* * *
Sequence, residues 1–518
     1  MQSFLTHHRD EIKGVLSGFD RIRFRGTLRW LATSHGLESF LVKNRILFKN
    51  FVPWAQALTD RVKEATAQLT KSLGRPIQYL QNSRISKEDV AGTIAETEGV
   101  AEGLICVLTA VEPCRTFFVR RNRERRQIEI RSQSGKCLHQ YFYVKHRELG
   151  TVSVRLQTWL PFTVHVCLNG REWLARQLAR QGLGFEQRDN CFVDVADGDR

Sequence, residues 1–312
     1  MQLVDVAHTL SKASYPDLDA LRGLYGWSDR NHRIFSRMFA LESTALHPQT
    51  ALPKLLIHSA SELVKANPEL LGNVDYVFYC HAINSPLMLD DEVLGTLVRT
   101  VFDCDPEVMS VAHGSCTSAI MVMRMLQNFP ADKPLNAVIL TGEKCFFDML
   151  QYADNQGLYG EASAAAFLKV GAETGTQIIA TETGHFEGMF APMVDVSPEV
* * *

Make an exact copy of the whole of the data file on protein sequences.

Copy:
Sequence, residues 1–518
     1  MQSFLTHHRD EIKGVLSGFD RIRFRGTLRW LATSHGLESF LVKNRILFKN
    51  FVPWAQALTD RVKEATAQLT KSLGRPIQYL QNSRISKEDV AGTIAETEGV
   101  AEGLICVLTA VEPCRTFFVR RNRERRQIEI RSQSGKCLHQ YFYVKHRELG
   151  TVSVRLQTWL PFTVHVCLNG REWLARQLAR QGLGFEQRDN CFVDVADGDR

Sequence, residues 1–312
     1  MQLVDVAHTL SKASYPDLDA LRGLYGWSDR NHRIFSRMFA LESTALHPQT
    51  ALPKLLIHSA SELVKANPEL LGNVDYVFYC HAINSPLMLD DEVLGTLVRT
   101  VFDCDPEVMS VAHGSCTSAI MVMRMLQNFP ADKPLNAVIL TGEKCFFDML
   151  QYADNQGLYG EASAAAFLKV GAETGTQIIA TETGHFEGMF APMVDVSPEV